Holder in Due Course
The holder is the person who is entitled in his own name to the possession of a negotiable instrument. Holder in due course means a person who must have the possession of the instrument. He is a person who has acquired a negotiable instrument before it is overdue, in good faith without knowledge of any defect of title of the previous holder and for valuable consideration. It is a legal term to describe the person who has received a negotiable instrument in good faith and is unaware of any prior claim, or that there is a defect in the title of the person who negotiated it. In commercial law, he is someone who accepts a negotiable instrument in a value-for-value exchange without reason to doubt its legitimacy. Holder in Due Course called protected holder or bona fide holder for value.
A holder in due course acquires the right to make a claim for the instrument’s value against its originator and intermediate holders. He is a person who has received a negotiable instrument in good faith and without notice that it is overdue, that there is any prior claim, or that there is a defect in the title of the person who negotiated it. For example; a third-party check is a holder in due course. The 3rd party who gets the check is not aware of any prior issues with a check, such as it was overdue, dishonored when presented for payment, had any claims against it. The holder in due course must not have had notice the debt had been dishonored or that there was an “uncured default” with respect to payment. The rules protecting the rights of a holder in due course to collect on debt are very important to facilitating business transactions.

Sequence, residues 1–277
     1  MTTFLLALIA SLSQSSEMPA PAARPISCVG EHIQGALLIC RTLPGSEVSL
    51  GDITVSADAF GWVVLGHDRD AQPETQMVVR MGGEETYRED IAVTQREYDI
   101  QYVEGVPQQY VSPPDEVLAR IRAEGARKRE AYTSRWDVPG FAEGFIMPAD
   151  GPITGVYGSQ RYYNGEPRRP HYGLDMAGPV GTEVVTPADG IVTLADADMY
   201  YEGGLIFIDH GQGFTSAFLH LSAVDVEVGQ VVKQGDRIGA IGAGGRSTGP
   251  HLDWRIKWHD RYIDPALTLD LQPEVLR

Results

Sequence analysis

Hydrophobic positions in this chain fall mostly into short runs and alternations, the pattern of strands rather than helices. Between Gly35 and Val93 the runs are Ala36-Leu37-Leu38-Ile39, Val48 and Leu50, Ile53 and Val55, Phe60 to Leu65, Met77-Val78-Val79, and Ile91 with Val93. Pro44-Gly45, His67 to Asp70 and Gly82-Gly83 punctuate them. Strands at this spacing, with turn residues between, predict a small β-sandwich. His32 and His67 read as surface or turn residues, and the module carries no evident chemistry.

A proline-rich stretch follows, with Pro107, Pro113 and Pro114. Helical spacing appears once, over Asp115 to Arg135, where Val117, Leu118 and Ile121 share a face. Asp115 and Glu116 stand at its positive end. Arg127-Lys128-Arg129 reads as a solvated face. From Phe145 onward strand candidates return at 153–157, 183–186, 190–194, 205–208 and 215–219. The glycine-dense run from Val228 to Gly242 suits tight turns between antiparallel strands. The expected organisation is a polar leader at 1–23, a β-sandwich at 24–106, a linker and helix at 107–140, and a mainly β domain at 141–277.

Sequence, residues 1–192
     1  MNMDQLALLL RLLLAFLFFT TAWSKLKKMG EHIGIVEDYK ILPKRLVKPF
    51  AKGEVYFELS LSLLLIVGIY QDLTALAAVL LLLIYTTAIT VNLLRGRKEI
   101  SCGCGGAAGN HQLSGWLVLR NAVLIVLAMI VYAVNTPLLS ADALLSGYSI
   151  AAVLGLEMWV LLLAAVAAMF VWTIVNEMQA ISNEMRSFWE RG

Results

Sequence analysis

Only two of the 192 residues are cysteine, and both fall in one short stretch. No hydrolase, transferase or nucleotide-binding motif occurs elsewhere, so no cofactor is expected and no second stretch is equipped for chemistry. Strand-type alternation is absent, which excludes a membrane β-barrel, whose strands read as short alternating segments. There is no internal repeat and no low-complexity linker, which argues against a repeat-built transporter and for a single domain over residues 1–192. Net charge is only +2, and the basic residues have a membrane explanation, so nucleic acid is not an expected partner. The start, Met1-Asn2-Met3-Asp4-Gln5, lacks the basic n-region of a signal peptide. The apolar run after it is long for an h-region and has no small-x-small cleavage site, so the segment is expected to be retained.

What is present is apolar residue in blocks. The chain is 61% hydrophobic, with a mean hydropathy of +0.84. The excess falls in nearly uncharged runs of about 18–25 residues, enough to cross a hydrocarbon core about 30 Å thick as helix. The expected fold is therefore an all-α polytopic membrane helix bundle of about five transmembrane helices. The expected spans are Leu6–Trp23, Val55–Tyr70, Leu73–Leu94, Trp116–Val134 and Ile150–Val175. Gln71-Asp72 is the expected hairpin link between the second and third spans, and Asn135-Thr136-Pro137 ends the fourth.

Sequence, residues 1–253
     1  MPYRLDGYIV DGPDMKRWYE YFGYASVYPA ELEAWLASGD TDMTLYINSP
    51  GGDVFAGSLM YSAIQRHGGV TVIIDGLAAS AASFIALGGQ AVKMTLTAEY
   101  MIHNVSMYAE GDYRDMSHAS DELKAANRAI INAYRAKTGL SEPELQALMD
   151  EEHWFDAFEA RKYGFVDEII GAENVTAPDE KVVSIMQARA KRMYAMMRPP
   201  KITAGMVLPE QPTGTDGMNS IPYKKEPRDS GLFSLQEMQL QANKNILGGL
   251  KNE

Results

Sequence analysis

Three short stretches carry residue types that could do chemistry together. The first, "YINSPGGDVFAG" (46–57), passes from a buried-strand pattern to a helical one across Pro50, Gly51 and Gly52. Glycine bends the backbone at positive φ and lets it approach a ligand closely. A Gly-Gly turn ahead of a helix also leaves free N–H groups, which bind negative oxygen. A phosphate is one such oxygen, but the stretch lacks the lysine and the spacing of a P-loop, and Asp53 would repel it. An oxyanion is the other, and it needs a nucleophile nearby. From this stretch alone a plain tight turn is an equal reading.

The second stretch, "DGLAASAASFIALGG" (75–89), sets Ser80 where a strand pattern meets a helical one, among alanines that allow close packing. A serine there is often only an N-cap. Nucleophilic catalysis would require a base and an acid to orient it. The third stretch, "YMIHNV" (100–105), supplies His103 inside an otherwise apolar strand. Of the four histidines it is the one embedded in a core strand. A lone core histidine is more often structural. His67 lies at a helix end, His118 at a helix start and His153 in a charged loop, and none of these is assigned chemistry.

- Holder in Due course must obtain the instrument in Good Faith.
- If the instrument bears not-negotiable crossing, then the NO person can be a holder in due course.
- If payment is not made on a negotiable instrument when it is due, the holder can use the court system to enforce the instrument.
- If the instrument bears A/C payee crossing and restricted endorsement then NO person can be a holder in due course.
- Various parties, including both signers and non-signers, may be liable for it. Accommodation parties (i.e., guarantors) can also be held liable.
- Forgery/theft/deceit does not convey any title.